Even though the first two episodes of season two feature characters from the comics, the events themselves are new for the show. But there's still a sense of channeling the spirit of the original work. Exiting season one and heading into season two, what elements from Garth Ennis and Steve Dillion's comics did you aim to emphasize or lean on more to further distill what it means to tell a Preacher story?
First and foremost, it would be Jesse. Jesse's drive last year was largely an internal one, almost a theological one — the search for God in himself, and sort of redeeming himself through becoming a good preacher. None of that is part of the comic. I think we were excited to get to the point when Jesse isn't looking for God in the abstract; he's looking for God in the horizon, or down the road, or at a bar. That seemed to us the part of the comic that we were excited to get to: basically a manhunt, a god-hunt.
It gives the show a propulsive quality that maybe didn't exist in season one, given that you were in Annville for the whole year. This year, it looks like you're truly taking the show across America.
That's one of the things that was so exciting about the comic when I read it: the scale. But it's also what made me initially wonder if we could even make the show. There's this sense of globe-trotting, of a road show. They're definitely out in the wide world now. They're in New Orleans, which in a way could not be any farther away from Annville. They're in a big city. With Jesse, Tulip and Cassidy, whatever qualities of themselves were being kept in check by having a day job, which in Jesse's case was being a preacher, all of those limits have been taken off now. All three of them are now back in their natural environment: chaos, debauchery, drugs and drinking. It's not like they shied away from those things too much in the first season, but now they're just in the city of sin there.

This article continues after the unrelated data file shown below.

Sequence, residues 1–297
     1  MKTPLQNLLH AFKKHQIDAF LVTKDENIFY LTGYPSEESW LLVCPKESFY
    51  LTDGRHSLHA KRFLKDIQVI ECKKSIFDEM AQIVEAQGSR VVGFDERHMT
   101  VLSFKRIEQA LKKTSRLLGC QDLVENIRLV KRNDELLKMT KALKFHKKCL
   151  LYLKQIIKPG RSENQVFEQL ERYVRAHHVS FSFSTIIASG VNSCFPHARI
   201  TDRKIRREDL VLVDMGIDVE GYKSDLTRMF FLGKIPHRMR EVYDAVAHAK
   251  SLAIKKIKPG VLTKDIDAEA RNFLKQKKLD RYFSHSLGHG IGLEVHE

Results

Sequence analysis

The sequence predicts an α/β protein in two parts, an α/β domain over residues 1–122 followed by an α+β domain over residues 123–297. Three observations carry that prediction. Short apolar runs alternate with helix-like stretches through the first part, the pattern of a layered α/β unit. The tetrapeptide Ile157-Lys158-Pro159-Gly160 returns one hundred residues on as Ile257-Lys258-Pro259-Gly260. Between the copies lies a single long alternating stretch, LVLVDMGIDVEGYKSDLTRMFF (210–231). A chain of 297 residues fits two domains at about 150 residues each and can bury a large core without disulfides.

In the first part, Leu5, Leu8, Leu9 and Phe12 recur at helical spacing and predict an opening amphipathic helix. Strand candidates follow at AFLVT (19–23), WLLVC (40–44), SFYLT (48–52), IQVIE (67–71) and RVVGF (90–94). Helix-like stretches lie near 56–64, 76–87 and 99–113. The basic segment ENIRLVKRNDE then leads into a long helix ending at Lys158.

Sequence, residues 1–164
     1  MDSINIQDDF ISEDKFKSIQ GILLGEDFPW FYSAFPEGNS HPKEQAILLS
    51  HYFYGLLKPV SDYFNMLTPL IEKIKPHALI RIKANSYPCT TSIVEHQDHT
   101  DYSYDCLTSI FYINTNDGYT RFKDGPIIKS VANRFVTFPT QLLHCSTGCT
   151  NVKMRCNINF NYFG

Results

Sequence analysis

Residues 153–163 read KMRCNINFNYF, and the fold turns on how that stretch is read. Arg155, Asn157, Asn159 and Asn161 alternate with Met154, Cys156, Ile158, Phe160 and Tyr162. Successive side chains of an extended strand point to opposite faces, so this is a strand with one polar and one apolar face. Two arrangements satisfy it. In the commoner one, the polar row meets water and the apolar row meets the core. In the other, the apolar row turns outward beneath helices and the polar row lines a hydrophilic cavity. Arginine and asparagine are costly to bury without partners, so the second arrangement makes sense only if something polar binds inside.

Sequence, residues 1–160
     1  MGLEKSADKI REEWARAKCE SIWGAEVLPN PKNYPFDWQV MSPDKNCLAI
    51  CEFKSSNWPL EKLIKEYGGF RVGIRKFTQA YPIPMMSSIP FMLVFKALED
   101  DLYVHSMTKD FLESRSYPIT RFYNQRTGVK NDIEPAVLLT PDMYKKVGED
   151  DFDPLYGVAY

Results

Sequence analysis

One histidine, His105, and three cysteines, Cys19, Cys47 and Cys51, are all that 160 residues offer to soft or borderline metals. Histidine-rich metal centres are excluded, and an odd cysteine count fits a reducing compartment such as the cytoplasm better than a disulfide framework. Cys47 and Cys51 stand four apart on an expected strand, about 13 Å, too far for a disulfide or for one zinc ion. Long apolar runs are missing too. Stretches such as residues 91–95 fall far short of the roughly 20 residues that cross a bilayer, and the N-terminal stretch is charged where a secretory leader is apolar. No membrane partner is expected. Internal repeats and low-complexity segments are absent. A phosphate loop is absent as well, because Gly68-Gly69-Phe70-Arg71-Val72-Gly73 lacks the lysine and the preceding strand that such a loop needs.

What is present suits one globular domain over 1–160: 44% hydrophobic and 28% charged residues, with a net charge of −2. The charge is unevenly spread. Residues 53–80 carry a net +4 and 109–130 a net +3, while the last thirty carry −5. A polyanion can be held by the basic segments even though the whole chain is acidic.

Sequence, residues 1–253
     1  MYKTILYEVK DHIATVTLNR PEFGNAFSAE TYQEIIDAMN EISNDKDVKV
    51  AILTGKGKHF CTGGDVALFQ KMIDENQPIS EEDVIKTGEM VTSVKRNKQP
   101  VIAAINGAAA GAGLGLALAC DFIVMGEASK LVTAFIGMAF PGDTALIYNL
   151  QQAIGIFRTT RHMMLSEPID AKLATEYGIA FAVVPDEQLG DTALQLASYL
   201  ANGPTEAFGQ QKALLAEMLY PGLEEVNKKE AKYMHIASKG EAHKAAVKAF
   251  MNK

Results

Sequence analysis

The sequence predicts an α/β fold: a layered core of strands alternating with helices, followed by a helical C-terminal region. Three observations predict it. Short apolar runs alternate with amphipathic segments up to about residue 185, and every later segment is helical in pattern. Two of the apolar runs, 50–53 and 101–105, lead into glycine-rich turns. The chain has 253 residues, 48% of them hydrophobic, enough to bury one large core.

You mentioned how when you first engaged the comic, you were wondering if a show would be able to tackle the road trip quality. How did you solve that obstacle heading into season two?